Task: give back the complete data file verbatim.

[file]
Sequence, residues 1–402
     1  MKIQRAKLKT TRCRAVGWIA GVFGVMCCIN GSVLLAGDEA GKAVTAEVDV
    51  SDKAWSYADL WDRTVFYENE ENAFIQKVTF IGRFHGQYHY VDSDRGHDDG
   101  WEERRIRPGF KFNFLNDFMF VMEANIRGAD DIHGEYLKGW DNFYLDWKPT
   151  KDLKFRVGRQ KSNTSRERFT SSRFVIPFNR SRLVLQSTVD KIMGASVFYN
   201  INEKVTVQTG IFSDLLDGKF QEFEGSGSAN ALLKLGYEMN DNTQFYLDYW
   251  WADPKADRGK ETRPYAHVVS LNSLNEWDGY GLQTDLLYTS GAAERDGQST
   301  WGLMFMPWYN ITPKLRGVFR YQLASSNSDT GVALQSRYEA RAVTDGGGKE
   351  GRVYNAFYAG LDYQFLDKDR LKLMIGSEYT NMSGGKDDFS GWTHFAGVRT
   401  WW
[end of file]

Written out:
Sequence, residues 1–402
     1  MKIQRAKLKT TRCRAVGWIA GVFGVMCCIN GSVLLAGDEA GKAVTAEVDV
    51  SDKAWSYADL WDRTVFYENE ENAFIQKVTF IGRFHGQYHY VDSDRGHDDG
   101  WEERRIRPGF KFNFLNDFMF VMEANIRGAD DIHGEYLKGW DNFYLDWKPT
   151  KDLKFRVGRQ KSNTSRERFT SSRFVIPFNR SRLVLQSTVD KIMGASVFYN
   201  INEKVTVQTG IFSDLLDGKF QEFEGSGSAN ALLKLGYEMN DNTQFYLDYW
   251  WADPKADRGK ETRPYAHVVS LNSLNEWDGY GLQTDLLYTS GAAERDGQST
   301  WGLMFMPWYN ITPKLRGVFR YQLASSNSDT GVALQSRYEA RAVTDGGGKE
   351  GRVYNAFYAG LDYQFLDKDR LKLMIGSEYT NMSGGKDDFS GWTHFAGVRT
   401  WW